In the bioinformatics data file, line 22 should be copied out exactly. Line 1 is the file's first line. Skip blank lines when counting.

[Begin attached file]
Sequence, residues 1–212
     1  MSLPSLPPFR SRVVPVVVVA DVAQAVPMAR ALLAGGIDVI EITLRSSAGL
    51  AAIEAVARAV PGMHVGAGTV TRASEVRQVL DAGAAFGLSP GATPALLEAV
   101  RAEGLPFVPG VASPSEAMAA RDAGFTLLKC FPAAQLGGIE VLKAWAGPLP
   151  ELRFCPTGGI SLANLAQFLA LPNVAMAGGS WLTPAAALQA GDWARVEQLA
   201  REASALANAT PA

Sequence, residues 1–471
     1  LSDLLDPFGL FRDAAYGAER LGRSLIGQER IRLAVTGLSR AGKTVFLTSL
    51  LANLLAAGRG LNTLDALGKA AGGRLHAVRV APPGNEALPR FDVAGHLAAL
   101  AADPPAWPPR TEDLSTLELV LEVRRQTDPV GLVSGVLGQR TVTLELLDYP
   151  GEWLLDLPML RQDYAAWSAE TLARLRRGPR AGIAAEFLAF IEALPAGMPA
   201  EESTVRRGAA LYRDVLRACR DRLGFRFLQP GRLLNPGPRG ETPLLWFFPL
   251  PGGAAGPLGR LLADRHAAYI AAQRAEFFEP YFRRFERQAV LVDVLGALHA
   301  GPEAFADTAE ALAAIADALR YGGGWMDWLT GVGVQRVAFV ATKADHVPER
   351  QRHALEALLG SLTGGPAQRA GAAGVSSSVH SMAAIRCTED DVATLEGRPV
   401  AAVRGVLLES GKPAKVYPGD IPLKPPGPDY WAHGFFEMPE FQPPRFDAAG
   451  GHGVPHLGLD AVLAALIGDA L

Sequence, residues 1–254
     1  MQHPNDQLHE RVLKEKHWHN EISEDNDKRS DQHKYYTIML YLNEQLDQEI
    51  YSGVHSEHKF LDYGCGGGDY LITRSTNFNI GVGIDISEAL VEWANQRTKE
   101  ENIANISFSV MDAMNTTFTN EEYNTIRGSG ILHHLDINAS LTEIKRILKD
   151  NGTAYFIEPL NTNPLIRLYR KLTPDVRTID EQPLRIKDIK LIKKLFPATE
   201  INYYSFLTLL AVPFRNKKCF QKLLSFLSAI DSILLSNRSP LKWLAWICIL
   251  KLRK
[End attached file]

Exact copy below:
   151  NGTAYFIEPL NTNPLIRLYR KLTPDVRTID EQPLRIKDIK LIKKLFPATE